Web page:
To the annoyance of some shareholders, Corporación América Airports (NYSE:CAAP) shares are down a considerable 34% in the last month. Indeed the recent decline has arguably caused some bitterness for shareholders who have held through the 46% drop over twelve months.
All else being equal, a share price drop should make a stock more attractive to potential investors. In the long term, share prices tend to follow earnings per share, but in the short term prices bounce around in response to short term factors (which are not always obvious). The implication here is that long term investors have an opportunity when expectations of a company are too low. One way to gauge market expectations of a stock is to look at its Price to Earnings Ratio (PE Ratio). A high P/E ratio means that investors have a high expectation about future growth, while a low P/E ratio means they have low expectations about future growth.
How Does Corporación América Airports’s P/E Ratio Compare To Its Peers?
We can tell from its P/E ratio of 8.98 that sentiment around Corporación América Airports isn’t particularly high. If you look at the image below, you can see Corporación América Airports has a lower P/E than the average (11.3) in the infrastructure industry classification.
This suggests that market participants think Corporación América Airports will underperform other companies in its industry.
How Growth Rates Impact P/E Ratios
Earnings growth rates have a big influence on P/E ratios. If earnings are growing quickly, then the ‘E’ in the equation will increase faster than it would otherwise. Therefore, even if you pay a high multiple of earnings now, that multiple will become lower in the future. And as that P/E ratio drops, the company will look cheap, unless its share price increases.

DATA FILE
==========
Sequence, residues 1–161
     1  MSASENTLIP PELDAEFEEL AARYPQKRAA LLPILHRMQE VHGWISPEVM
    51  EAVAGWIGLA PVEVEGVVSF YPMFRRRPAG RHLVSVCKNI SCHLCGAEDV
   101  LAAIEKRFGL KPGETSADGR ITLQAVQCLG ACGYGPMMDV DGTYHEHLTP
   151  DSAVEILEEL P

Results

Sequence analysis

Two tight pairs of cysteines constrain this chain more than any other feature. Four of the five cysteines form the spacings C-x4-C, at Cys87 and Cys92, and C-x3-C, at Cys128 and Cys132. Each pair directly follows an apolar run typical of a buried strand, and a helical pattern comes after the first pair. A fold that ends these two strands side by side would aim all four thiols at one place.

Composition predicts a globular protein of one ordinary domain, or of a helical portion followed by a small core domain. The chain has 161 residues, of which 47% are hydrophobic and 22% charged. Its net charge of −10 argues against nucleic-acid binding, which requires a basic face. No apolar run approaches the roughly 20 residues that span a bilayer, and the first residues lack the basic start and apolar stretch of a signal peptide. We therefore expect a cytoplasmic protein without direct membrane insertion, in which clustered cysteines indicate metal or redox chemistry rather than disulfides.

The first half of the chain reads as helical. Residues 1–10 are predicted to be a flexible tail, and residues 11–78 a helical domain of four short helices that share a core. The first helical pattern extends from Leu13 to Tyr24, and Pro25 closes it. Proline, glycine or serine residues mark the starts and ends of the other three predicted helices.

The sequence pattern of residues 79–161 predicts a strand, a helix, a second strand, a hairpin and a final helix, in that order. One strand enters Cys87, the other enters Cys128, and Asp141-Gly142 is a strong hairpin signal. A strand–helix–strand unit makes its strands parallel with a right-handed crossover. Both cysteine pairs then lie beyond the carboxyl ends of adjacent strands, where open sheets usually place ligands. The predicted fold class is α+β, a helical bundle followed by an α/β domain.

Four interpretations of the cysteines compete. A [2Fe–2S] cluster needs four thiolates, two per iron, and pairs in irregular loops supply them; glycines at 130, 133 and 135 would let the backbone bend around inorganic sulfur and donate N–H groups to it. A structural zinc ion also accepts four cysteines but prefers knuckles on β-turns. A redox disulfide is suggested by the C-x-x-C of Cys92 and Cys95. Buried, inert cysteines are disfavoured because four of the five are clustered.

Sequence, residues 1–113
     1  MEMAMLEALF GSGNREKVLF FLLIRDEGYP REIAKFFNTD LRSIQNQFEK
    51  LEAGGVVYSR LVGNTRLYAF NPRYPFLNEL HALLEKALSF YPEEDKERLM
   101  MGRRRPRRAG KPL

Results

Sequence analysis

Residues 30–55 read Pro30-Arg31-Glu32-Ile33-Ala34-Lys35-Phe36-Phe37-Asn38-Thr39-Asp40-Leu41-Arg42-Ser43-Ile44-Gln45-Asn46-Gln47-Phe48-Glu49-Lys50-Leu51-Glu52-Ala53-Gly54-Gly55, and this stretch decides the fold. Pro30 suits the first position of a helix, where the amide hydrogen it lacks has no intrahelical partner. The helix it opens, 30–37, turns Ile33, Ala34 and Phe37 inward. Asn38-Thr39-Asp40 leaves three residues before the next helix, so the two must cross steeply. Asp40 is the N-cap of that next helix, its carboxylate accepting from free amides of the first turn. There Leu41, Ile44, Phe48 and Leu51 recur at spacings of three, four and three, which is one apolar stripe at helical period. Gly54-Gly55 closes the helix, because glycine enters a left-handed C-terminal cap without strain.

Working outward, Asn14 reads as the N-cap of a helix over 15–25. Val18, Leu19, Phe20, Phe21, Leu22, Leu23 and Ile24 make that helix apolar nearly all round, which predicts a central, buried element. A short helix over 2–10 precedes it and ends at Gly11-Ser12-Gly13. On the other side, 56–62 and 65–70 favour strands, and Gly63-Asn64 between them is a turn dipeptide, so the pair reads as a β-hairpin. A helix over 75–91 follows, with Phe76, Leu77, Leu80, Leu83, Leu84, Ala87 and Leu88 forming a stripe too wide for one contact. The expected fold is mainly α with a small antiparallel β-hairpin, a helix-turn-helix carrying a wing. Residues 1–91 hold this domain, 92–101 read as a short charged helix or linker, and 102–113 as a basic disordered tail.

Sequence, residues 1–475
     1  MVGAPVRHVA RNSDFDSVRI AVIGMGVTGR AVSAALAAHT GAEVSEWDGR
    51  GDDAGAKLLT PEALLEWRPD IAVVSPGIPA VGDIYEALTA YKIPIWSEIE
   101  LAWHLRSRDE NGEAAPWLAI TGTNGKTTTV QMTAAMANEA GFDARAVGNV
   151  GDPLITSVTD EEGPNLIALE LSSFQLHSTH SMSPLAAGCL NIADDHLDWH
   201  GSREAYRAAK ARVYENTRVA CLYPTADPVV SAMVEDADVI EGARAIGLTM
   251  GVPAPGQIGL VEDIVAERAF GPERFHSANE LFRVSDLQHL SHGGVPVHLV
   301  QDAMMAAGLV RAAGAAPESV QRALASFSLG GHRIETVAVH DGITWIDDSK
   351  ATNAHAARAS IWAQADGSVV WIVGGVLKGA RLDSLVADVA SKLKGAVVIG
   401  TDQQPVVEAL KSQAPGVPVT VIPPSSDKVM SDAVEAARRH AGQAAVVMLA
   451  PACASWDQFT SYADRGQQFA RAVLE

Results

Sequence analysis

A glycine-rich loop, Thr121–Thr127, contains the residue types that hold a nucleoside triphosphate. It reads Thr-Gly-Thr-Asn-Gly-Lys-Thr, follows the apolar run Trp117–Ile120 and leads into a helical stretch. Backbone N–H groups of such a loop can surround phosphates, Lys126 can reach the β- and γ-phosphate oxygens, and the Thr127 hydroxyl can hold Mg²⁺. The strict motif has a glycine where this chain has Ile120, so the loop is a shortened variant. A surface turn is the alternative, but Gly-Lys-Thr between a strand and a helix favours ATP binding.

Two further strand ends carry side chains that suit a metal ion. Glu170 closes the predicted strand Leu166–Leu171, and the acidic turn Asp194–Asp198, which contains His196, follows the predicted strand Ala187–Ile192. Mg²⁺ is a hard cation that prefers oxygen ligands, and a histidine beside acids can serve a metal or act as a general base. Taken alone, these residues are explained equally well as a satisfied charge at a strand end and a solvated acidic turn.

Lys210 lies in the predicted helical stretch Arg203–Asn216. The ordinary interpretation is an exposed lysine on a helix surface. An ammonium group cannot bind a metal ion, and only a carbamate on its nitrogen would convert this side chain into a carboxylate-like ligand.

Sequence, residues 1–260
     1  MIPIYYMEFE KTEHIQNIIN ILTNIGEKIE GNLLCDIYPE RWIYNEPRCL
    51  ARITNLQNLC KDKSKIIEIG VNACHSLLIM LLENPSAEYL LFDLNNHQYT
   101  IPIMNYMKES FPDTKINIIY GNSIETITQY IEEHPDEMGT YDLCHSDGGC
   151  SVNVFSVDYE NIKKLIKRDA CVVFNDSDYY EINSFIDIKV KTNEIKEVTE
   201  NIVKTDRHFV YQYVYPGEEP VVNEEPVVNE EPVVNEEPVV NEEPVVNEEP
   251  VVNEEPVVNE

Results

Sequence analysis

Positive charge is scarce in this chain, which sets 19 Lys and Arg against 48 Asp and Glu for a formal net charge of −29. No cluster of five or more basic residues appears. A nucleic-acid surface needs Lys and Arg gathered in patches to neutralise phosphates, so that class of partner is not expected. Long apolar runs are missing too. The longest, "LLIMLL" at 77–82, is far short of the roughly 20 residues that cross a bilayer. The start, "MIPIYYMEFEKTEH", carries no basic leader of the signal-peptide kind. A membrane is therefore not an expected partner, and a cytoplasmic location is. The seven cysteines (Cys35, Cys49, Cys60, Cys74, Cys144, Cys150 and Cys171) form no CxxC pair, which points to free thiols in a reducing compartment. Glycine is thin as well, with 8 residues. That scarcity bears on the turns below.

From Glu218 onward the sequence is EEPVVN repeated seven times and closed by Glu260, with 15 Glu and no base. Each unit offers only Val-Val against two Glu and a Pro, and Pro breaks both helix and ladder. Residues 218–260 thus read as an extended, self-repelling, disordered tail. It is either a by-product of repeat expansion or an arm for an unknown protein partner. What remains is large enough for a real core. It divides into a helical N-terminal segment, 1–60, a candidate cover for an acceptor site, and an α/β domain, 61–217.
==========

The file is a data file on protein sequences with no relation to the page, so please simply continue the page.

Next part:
Corporación América Airports’s earnings made like a rocket, taking off 334% last year.
A Limitation: P/E Ratios Ignore Debt and Cash In The Bank
It’s important to note that the P/E ratio considers the market capitalization, not the enterprise value. That means it doesn’t take debt or cash into account. The exact same company would hypothetically deserve a higher P/E ratio if it had a strong balance sheet, than if it had a weak one with lots of debt, because a cashed up company can spend on growth.
Spending on growth might be good or bad a few years later, but the point is that the P/E ratio does not account for the option (or lack thereof).
So What Does Corporación América Airports’s Balance Sheet Tell Us?
Corporación América Airports’s net debt is considerable, at 111% of its market cap. This is a relatively high level of debt, so the stock probably deserves a relatively low P/E ratio. Keep that in mind when comparing it to other companies.
The Verdict On Corporación América Airports’s P/E Ratio
Corporación América Airports has a P/E of 9. That’s below the average in the US market, which is 17.3. While the EPS growth last year was strong, the significant debt levels reduce the number of options available to management. If the company can continue to grow earnings, then the current P/E may be unjustifiably low. Given Corporación América Airports’s P/E ratio has declined from 13.6 to 9 in the last month, we know for sure that the market is more worried about the business today, than it was back then. For those who prefer to invest with the flow of momentum, that might be a bad sign, but for deep value investors this stock might justify some research.
When the market is wrong about a stock, it gives savvy investors an opportunity. If the reality for a company is not as bad as the P/E ratio indicates, then the share price should increase as the market realizes this. So this free visual report on analyst forecasts could hold the key to an excellent investment decision.
You might be able to find a better buy than Corporación América Airports. If you want a selection of possible winners, check out this free list of interesting companies that trade on a P/E below 20 (but have proven they can grow earnings).
If you spot an error that warrants correction, please contact the editor at firstname.lastname@example.org. This article by Simply Wall St is general in nature. It does not constitute a recommendation to buy or sell any stock, and does not take account of your objectives, or your financial situation. Simply Wall St has no position in the stocks mentioned. Thank you for reading.